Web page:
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Spokane, Washington  Est. May 19, 1883
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Longtime organizers help light up 40 years of Christmas Tree Elegance

Nov. 27, 2022 Updated Tue., Dec. 13, 2022 at 1:33 p.m.

Christmas Tree Elegance had a humble start as a one-day event in 1983. Raffle tickets went toward six holiday trees bearing gifts that ranged from a Schweitzer ski package to a musical theme with a Panasonic stereo system – all to benefit the Spokane Symphony.

The festive fundraiser has since returned every holiday season, except for 2020 during the pandemic. Judy Putnam, first-year chair, came up with the idea to raffle off elaborate Christmas tree packages, after she saw a similar benefit in California.

She and others in Spokane Symphony Associates set up in a ballroom at Cavanaugh’s Inn at the Park. Putnam estimates they sold about 8,000 raffle tickets at that first event, also featuring a Crescent department store fashion show and dinner-dance, all raising more than $10,000.

“For the Symphony Associates, that was the largest amount we’d ever been able to contribute, so it was exciting,” said Putnam, now living in Arizona. “We would always have plant sales, rummage sales, those sorts of things, and they’d never made $10,000.”

When Christmas Tree Elegance returns Tuesday, it will mark the event’s 40th year, still benefiting the symphony. Volunteers have prepped 500,000 raffle tickets – many in bundles of 25 – for a chance to win one of 15 trees with gifts or a Father Christmas sculpture, said Peggy Springer, a volunteer since 1987 and chair of ticket sales the past 20 years. The event runs through Dec. 11.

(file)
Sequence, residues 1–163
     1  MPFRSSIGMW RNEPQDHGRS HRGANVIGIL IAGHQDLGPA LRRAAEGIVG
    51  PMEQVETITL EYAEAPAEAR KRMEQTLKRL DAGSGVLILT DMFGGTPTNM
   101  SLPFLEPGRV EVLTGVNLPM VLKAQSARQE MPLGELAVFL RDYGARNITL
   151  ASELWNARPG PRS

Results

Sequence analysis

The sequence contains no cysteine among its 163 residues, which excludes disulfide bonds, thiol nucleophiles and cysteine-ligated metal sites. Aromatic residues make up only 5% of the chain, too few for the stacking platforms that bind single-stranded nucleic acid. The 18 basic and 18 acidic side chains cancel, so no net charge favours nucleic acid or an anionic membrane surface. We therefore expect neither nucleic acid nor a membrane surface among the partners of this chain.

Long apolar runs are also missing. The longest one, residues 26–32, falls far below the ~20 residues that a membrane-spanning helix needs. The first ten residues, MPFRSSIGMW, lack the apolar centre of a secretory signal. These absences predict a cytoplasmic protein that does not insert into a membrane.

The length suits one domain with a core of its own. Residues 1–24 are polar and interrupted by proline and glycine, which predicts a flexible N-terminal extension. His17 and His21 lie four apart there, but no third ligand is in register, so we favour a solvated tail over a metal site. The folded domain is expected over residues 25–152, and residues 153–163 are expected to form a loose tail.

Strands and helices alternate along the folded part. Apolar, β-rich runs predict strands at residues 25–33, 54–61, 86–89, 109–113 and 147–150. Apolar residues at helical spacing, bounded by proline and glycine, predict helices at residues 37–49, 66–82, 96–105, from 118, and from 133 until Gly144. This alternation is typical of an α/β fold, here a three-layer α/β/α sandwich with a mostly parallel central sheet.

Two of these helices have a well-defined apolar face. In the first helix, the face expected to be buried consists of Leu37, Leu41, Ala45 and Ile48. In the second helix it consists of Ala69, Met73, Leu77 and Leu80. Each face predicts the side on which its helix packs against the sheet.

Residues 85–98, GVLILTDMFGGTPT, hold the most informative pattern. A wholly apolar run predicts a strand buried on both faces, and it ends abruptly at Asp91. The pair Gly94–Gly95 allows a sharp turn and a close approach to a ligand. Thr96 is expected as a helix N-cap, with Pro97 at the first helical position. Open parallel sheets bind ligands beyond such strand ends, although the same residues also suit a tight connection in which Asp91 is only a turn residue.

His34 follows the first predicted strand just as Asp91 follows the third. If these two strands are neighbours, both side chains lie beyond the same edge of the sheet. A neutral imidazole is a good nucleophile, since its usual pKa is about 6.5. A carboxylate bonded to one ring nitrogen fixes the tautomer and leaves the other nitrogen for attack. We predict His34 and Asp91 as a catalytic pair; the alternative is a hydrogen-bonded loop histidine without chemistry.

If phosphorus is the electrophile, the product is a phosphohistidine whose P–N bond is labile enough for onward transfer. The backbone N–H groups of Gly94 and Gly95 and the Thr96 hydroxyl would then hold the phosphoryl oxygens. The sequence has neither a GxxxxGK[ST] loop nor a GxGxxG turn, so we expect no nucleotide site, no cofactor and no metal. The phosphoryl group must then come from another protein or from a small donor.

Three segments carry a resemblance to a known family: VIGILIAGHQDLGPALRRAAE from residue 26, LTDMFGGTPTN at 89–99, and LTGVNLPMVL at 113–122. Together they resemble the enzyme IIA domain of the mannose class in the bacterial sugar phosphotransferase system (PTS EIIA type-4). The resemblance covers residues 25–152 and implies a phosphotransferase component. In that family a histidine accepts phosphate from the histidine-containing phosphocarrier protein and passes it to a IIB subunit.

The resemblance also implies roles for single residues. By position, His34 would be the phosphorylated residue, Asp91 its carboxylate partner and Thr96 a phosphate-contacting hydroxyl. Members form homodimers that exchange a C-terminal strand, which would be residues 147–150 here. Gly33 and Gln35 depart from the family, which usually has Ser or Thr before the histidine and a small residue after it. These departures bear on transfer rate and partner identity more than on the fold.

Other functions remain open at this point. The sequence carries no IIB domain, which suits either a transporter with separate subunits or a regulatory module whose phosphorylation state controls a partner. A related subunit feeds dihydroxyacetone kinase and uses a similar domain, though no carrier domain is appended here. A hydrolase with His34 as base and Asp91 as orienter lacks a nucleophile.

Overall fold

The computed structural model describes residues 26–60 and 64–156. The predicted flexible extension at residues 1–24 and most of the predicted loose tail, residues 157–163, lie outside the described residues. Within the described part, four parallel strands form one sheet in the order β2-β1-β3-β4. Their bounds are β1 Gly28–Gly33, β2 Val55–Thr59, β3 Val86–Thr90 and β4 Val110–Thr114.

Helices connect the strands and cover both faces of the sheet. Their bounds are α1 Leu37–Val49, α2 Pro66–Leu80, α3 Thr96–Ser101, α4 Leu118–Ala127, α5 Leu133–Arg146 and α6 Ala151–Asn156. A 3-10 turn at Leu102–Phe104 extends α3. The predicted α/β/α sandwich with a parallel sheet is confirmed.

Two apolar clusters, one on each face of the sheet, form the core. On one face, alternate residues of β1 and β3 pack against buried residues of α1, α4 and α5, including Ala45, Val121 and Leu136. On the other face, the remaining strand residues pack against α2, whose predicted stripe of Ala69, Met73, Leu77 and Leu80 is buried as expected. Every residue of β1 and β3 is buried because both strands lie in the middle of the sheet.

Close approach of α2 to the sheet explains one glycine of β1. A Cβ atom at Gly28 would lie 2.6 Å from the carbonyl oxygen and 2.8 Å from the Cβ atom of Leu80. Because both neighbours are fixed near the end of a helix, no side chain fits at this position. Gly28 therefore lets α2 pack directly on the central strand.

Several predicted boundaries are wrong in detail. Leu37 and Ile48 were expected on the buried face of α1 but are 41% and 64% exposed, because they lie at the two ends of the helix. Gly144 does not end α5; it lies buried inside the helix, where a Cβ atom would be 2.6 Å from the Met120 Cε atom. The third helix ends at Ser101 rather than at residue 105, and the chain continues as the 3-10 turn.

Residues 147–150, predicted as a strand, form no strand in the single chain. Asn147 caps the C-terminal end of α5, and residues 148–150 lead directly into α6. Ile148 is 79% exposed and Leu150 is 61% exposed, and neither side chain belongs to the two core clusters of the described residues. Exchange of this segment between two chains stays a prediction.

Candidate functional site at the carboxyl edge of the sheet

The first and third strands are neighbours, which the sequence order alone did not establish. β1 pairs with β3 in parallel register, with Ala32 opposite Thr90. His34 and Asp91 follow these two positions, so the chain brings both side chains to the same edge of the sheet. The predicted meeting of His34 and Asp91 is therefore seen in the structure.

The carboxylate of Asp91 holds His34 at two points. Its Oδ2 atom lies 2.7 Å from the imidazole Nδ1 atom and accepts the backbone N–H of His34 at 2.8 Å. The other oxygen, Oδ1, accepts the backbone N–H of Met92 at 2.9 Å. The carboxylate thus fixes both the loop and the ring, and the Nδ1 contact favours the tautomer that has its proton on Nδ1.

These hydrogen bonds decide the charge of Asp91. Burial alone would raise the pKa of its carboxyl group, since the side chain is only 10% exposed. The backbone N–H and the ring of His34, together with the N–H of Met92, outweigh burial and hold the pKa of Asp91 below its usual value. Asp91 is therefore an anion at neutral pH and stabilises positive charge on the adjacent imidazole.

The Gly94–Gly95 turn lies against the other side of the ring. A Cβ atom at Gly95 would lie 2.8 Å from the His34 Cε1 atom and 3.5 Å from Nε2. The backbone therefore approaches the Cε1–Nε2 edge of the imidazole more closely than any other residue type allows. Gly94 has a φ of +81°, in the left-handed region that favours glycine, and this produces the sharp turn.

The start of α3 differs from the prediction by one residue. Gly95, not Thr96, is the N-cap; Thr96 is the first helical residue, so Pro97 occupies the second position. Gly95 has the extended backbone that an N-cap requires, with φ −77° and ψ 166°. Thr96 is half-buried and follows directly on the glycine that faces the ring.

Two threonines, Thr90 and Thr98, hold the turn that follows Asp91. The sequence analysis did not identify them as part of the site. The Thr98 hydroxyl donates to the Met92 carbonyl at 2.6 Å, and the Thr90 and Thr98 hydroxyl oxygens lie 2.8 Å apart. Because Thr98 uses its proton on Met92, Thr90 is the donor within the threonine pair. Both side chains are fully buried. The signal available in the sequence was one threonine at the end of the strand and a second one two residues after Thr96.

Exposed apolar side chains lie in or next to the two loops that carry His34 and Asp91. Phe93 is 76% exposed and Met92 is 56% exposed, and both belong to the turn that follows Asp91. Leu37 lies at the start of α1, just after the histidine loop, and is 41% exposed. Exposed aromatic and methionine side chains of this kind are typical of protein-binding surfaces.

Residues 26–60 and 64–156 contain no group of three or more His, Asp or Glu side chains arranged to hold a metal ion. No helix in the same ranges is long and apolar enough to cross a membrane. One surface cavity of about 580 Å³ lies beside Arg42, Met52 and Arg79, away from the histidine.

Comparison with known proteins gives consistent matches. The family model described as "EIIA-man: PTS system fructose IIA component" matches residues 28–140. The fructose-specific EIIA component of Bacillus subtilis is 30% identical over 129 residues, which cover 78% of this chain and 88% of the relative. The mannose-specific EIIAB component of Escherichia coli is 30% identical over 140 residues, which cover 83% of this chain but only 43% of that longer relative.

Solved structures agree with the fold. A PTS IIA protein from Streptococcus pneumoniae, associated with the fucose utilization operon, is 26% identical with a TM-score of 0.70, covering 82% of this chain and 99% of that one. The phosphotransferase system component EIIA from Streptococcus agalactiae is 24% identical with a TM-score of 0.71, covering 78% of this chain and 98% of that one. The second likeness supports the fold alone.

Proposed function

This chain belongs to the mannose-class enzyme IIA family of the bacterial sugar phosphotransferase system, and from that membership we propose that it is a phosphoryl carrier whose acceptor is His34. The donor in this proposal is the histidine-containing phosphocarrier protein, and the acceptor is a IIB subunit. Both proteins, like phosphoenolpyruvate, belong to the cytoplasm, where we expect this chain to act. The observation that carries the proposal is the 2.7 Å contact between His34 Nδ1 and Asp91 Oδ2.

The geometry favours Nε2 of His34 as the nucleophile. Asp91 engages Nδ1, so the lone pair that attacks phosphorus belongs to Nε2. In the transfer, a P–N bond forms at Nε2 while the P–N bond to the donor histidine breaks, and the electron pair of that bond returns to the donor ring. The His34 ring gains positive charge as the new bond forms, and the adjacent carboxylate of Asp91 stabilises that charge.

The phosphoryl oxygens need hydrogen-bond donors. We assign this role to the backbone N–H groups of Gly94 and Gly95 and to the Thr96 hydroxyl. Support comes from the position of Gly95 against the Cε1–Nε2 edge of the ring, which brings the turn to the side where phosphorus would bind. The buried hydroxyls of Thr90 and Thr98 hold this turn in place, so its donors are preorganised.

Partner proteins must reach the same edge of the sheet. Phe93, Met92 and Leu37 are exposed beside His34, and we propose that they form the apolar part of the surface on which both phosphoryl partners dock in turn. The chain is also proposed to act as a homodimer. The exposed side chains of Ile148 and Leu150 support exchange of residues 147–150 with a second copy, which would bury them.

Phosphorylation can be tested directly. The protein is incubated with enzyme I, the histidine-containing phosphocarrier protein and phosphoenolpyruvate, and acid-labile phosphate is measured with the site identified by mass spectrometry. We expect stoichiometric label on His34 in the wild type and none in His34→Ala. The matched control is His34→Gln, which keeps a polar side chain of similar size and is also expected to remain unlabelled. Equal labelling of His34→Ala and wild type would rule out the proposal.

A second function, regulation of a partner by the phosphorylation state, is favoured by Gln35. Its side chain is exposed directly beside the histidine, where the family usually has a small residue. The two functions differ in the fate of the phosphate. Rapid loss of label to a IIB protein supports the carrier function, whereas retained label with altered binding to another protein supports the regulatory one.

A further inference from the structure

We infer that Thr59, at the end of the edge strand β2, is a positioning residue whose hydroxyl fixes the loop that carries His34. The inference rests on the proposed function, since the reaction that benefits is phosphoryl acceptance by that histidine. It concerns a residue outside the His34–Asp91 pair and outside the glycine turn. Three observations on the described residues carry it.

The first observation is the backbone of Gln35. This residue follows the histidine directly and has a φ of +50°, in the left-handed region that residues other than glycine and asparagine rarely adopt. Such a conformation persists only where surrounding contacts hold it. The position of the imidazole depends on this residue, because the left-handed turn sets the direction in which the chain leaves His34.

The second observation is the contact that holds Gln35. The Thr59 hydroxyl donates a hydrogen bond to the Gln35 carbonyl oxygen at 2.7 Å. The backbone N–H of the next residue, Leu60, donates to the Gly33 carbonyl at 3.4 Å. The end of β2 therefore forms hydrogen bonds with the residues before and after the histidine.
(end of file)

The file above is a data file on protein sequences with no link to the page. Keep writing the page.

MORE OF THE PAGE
Many trees include cash prizes. Gift items can range from a motorcycle to airplane tickets. Over four decades, the event has raised more than $5.6 million for the symphony. It moved in 2002 to the Historic Davenport, and in recent years added trees at River Park Square.

“We were at Inn at the Park for years, then Crescent Court, then back to the Inn for a year but it had changed names,” Springer said.

Ahead of the move to the Davenport, volunteers didn’t know if 9/11 would mean fewer visitors, she said, but it was one of the event’s best years. “We came here and I remember the morning of 9/11, we had a meeting at the hotel with hard hats on – because the hotel was being finished – to discuss Christmas Tree Elegance 2002.”

Springer said Spokane-area residents, and even people from as far as Montana and Canada, have made Christmas Tree Elegance part of their holiday traditions to stroll through the hotel’s mezzanine level to view elaborately decorated trees and the gift assortments.

Many do a little dreaming, with a raffle ticket for $1.

“We still sell a ticket for a dollar after 40 years,” Springer said. “We do that because we want everyone to participate. A lot of people say, ‘I know I won’t win, but I’m supporting the symphony.’ ”

The 13 days require long hours, but Springer said it’s a fun place to be. “People when buying tickets, they’re always so happy, and I have many friends in the symphony associates.”

This year along with a co-chair, Springer has someone else shadowing her work to take over eventually, she said. The symphony associates nonprofit works to support “a world-class orchestra,” its website says. A few hundred volunteers work on Christmas Tree Elegance for 11 months, including procurement.

Individuals and businesses donate to create the tree displays, valuing up to $4,999 in decorations and prizes.

Winners of trees are often shell-shocked, Springer said. There are heartwarming moments, too, such as a family that won cash to use for children’s health needs, and someone who turned a win over to Sacred Heart Children’s Hospital – gifting a Lionel train set.